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England's Jubilee Gift to Ireland.


Jubilee gifts, Jubilee testimonials, Jubilee memorials, are on every hand. It is not, therefore, an unsuitable time for the presentation by England to Ireland of a Jubilee gift, and with a fine sense of the fitness of things she presents her with a Coercion Act. It would be impossible to choose a more appropriate gift, one that could better crown the fifty years of her Majesty's Irish reign. Mr. Mulhall, in his "Fifty Years of National Progress", says of Ireland:

"The present reign has been the most disastrous since that of Elizabeth, as the following statistics show: Died of famine, 1,225,000; persons evicted, 3,668,000; number of emigrants, 4,186,000. Evictions were more numerous immediately after the famine, the landlords availing themselves of the period of greatest calamity to enforce their 'rights'. Official returns give the number of families, and these averaging seven persons, we ascertain the actual number of persons evicted:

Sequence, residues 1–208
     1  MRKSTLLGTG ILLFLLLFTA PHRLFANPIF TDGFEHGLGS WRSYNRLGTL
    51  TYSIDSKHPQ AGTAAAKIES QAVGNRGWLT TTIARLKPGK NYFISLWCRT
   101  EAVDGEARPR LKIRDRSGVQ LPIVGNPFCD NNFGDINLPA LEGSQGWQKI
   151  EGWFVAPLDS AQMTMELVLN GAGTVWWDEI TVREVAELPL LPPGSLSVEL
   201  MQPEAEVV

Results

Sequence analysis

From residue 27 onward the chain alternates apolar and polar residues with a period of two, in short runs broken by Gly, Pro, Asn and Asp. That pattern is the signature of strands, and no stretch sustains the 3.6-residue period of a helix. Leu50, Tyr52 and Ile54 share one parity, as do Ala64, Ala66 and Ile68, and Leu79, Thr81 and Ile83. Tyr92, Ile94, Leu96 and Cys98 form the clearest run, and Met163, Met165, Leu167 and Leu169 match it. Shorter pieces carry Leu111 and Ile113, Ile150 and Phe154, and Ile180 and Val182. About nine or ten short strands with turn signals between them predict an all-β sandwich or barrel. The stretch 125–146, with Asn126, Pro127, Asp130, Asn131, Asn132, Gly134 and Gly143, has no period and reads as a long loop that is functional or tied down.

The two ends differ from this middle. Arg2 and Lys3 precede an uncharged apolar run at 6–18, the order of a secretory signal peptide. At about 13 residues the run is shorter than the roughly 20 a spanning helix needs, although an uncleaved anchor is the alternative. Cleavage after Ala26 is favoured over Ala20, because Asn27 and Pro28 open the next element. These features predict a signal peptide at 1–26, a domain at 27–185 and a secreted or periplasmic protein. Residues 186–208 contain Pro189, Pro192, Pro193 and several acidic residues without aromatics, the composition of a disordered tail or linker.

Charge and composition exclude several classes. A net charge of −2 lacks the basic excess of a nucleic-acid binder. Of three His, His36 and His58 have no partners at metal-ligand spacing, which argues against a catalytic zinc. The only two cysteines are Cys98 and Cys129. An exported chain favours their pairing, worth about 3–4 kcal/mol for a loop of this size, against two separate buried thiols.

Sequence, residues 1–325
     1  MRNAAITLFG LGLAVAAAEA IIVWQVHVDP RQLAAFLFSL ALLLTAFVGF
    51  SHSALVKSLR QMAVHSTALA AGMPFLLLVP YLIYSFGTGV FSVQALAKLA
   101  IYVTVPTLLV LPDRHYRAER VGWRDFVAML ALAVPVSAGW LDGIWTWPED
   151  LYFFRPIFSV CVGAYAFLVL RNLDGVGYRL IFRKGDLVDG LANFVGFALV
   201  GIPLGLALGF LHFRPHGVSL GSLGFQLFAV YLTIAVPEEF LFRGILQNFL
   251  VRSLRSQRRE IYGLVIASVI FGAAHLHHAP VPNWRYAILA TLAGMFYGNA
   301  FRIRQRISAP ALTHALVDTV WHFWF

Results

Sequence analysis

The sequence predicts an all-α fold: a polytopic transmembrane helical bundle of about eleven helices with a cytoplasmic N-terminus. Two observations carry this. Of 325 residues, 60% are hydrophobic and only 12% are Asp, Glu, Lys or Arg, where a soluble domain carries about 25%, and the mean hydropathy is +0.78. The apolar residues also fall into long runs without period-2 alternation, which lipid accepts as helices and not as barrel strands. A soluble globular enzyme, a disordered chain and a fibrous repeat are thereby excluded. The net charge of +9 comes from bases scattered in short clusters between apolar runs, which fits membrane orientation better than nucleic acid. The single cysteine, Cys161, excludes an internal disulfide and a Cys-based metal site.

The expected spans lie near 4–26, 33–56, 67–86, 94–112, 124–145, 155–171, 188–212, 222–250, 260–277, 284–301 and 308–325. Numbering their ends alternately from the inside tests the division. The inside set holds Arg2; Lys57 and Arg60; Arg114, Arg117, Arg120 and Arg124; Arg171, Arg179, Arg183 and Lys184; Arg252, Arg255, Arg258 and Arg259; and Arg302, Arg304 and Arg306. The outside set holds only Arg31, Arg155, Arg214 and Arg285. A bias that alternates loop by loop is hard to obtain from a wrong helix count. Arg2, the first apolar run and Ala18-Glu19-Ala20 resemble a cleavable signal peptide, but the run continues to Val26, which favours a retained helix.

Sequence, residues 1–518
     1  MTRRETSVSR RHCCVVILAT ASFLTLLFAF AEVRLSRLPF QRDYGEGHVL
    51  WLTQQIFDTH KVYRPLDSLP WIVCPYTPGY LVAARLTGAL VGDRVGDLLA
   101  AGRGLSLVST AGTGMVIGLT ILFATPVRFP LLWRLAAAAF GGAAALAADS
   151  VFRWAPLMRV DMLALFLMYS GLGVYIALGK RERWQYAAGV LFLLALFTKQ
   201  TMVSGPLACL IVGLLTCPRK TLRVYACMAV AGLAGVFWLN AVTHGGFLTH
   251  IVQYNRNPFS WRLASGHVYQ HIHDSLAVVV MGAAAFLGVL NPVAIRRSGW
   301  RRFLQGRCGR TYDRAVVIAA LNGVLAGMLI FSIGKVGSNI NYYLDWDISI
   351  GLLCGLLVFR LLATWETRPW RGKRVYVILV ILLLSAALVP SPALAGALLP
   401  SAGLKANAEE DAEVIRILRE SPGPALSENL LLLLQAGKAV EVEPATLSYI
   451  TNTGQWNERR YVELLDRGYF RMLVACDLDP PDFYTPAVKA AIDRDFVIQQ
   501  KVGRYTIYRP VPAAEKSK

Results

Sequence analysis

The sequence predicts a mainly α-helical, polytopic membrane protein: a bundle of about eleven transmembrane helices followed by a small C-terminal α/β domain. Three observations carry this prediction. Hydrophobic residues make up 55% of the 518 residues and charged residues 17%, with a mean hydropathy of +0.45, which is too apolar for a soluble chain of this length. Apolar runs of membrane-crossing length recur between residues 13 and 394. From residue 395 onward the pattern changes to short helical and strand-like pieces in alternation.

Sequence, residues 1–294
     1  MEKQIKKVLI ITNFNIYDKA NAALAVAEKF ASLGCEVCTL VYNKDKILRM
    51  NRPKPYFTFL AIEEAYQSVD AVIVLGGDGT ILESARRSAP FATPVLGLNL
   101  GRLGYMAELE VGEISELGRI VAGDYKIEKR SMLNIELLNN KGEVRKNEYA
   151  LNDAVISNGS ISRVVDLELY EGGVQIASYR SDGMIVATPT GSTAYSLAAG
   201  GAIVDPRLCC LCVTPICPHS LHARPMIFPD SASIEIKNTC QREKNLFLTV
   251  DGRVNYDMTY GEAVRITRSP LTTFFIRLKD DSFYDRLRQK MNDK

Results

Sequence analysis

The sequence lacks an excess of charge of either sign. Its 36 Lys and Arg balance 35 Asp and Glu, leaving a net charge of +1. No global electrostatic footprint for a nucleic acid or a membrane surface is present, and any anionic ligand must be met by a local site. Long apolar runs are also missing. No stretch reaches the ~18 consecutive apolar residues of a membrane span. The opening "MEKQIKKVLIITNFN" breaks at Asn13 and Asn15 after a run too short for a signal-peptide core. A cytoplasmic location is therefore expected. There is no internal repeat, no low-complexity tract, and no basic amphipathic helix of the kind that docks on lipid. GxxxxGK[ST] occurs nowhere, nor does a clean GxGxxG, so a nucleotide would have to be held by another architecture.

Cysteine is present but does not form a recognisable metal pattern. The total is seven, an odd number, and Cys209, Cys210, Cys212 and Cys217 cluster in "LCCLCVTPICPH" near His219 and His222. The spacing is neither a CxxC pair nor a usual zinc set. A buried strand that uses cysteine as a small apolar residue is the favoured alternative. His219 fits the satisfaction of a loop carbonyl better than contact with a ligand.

Years. Families. Persons.
1848–51 263,000 1,841,000
1852–60 110,000 770,000
1861–70 47,000 329,000
1871–86 104,000 728,000

Total 524,000 3,668,000

The number of persons evicted is equal to 75 per cent. of the actual population. No country, either in Europe or elsewhere, has suffered such wholesale extermination."